Exercise and Mental Health

By Julienne McCulloch

Stress and anxiety, even though a normal part of daily life, are the most common psychiatric illnesses in the U.S. The benefits of exercise go beyond physical benefits and also include mental benefits.​​​​

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​Most individuals, who are at high risk for chronic diseases, are dealing with these diseases due to sedentary lifestyle and medication side effects. Exercise is also very important in patients with schizophrenia due to weight gain associated with antipsychotic drugs as well as their increased risk of obesity. Those struggling with physical ailments and chronic disease, have an increased risk of mental illness as well. The mind can’t function unless the body is working properly but the state of mind can also affect the body.

How does exercise effect mental health?

There are many different ways in which exercise impacts the brain. Research shows numerous ways in which exercise can help have a positive impact on mental illness and well-being. These impacts elevate the mood while decreasing the effects of stress, anxiety, and depression.
How are mental illness and activity levels related?
The less activity acquired, the more likely one is to suffer from low mood/depression and tension or worry. Decreased activity levels can also lead to decreased focus and concentration, decreased energy levels, lower self-esteem, and decreased capability of coping. This works in a negative cycle.

The Depression/Activity Cycle:

The opposite is true for increased activity levels. For those that keep active, they are less likely to have depression, anxiety and tension. They have increased self-esteem, they tend to sleep better which increases energy, they are able to concentrate and focus better, and are able to cope in a healthier manner. All of these are helpful in dealing with stress specifically when stress has depleted energy and ability to focus. Activity can then turn into a positive cycle.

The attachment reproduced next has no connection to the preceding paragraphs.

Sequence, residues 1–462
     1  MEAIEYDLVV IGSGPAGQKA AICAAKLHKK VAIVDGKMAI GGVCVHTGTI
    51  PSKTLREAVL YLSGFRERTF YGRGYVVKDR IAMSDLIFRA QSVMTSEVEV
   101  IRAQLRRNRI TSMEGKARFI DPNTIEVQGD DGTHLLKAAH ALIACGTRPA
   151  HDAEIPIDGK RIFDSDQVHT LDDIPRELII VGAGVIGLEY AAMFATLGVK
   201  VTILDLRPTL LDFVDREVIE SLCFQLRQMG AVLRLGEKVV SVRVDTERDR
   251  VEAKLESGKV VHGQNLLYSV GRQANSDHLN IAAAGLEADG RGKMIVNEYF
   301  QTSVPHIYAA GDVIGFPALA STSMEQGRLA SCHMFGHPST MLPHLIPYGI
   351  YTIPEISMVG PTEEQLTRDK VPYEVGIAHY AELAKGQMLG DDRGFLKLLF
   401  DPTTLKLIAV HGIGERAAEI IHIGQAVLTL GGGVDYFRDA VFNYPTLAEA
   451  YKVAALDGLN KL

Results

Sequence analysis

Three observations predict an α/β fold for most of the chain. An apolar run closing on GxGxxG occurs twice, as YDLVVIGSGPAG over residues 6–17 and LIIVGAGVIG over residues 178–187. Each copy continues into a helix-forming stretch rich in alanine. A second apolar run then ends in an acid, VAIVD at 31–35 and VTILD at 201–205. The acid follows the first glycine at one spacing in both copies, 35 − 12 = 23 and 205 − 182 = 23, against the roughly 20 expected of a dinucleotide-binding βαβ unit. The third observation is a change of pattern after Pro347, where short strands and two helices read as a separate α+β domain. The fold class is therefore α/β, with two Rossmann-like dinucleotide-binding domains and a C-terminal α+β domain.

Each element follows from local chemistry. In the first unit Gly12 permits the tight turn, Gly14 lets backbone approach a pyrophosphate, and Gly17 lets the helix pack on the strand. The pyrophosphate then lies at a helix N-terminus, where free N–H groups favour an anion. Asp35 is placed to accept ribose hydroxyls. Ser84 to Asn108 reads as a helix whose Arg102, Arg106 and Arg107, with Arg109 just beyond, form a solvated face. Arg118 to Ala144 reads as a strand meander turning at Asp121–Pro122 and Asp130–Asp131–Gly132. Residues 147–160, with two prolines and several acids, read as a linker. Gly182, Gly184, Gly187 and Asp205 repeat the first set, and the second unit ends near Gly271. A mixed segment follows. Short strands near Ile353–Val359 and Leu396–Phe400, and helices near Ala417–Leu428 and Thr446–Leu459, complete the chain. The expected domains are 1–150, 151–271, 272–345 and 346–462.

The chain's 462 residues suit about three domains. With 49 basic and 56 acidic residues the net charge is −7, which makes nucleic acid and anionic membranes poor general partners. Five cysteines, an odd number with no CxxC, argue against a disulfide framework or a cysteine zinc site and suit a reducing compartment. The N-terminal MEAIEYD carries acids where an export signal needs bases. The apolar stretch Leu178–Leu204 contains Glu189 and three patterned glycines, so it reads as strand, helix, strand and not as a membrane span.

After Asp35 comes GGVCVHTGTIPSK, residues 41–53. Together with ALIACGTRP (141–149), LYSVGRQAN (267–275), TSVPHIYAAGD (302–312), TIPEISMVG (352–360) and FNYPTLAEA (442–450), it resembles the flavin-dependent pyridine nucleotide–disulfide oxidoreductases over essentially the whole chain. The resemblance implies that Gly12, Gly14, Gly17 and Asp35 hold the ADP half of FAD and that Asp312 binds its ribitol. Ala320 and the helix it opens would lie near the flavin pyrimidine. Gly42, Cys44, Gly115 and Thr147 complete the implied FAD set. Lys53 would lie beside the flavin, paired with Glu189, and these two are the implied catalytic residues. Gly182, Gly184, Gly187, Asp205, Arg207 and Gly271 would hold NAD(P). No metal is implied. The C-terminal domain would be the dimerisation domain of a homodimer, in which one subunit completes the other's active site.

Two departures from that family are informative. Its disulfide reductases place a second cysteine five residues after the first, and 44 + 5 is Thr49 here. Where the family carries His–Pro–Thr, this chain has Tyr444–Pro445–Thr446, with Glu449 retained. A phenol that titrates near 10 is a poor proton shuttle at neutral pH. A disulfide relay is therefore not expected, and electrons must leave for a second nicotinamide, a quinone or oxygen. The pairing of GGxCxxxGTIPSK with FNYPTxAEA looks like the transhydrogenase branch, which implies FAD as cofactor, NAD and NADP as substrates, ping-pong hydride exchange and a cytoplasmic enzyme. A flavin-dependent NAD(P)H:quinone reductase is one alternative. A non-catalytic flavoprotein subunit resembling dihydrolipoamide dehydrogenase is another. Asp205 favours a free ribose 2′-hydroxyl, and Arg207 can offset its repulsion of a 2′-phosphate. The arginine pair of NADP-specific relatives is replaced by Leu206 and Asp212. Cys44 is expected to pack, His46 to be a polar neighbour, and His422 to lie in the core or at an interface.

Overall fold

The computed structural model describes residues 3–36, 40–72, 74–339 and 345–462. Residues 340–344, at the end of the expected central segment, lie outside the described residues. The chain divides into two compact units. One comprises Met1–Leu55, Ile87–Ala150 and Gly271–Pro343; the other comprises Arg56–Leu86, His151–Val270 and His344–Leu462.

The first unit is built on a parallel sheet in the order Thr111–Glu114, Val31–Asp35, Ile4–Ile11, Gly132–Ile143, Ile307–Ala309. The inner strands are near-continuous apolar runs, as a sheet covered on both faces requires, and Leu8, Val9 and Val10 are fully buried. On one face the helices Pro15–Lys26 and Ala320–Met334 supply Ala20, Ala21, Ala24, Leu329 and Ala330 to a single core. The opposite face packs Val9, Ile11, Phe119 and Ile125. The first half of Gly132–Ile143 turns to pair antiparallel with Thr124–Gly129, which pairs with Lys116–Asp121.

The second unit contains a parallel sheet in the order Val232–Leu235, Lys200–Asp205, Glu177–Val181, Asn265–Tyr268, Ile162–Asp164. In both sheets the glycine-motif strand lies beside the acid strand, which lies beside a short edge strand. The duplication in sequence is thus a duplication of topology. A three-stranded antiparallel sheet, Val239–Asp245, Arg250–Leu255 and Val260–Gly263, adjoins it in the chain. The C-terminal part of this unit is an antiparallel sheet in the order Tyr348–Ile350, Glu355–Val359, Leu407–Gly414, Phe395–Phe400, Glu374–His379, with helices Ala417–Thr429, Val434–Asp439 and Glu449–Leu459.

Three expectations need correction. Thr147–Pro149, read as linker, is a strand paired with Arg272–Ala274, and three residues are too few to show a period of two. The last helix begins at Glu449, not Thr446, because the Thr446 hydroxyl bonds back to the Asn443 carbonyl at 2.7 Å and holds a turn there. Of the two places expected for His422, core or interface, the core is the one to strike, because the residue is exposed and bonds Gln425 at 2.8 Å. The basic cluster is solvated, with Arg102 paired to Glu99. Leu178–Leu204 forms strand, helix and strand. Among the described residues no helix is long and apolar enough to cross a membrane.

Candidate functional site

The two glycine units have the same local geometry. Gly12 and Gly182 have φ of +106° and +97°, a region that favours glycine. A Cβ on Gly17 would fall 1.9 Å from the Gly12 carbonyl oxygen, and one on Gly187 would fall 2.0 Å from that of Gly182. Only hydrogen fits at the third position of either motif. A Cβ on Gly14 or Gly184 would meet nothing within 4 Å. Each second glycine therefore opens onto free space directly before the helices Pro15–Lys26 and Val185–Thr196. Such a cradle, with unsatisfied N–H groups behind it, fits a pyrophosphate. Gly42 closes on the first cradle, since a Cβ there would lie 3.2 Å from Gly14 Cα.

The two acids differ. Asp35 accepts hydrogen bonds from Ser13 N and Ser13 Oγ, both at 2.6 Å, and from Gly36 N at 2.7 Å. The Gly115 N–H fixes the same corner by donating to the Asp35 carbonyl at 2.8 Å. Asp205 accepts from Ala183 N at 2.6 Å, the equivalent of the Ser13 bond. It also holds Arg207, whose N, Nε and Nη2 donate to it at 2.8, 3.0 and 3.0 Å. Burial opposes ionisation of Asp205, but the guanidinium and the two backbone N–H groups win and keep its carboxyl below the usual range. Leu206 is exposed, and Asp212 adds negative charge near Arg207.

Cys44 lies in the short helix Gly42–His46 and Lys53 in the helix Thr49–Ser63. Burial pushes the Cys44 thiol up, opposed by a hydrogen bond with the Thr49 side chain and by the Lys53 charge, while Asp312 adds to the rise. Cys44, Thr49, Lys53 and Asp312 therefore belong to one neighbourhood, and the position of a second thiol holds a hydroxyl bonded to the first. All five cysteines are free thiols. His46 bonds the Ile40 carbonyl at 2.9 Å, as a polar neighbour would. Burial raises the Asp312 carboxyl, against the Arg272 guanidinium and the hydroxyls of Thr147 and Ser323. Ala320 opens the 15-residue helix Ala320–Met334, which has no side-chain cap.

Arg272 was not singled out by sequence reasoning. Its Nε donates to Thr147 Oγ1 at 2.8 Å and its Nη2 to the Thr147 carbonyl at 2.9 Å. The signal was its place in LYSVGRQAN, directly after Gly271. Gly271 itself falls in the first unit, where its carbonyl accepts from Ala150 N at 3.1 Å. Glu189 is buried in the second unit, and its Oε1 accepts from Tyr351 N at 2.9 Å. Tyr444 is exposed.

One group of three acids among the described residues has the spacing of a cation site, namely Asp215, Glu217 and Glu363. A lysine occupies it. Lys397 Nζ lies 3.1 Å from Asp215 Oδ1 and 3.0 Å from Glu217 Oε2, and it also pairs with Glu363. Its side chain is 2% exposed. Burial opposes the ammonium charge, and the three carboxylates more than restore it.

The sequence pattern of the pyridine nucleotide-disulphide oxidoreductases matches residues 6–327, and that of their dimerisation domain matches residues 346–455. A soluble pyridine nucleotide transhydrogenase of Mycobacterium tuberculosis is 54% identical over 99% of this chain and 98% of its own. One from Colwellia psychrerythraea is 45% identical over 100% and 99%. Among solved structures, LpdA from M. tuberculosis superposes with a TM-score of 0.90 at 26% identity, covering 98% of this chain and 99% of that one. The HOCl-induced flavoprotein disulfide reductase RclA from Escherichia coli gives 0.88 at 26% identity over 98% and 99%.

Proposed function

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How much exercise is needed?

Some studies have shown that about 5 minutes of exercise can begin to create anti-anxiety effects. The recommended amount of exercise is at least 3 days a week for 30 minutes at a moderate intensity. The 30 minutes can be divided into 10 minutes segments. This should be cardio exercise which includes a repetitive activity that uses the large muscles of the body and sustains an increased heart rate throughout the duration of the activity. Examples would be swimming, biking, rowing machines, the elliptical, running, jogging, walking, aerobics, mowing the lawn, etc.

How to get started?

Areas to address when beginning a program:
  • Do you prefer to workout individually or with a partner or group of people?
  • Do you prefer outdoor or indoor activities?
  • Where will you exercise?
  • What is your availability to join a gym, purchase small or large home exercise equipment, or use resources that are already available to you?
  • How much time do you have each day to dedicate to exercise?
  • How many days a week do you plan on exercising?
  • Is there anyone that can help support you and keep you accountable?
Tips to help with success:
  • Be practical
  • Set small and attainable goals
  • Choose an activity that you will enjoy and that is easy access
  • Make time
  • Make it a habit and a lifestyle
  • Be prepared for barriers and setbacks and have a plan to overcome them
  • Give yourself small rewards when goals are met
When starting an exercise program, begin slowly and progress slowly to decrease the chances of injury and to increase adherence to the program. Even though exercise can’t cure or negate all symptoms related to mental illness, the benefits associated exercise can be an additional, or at times alternative, treatment option.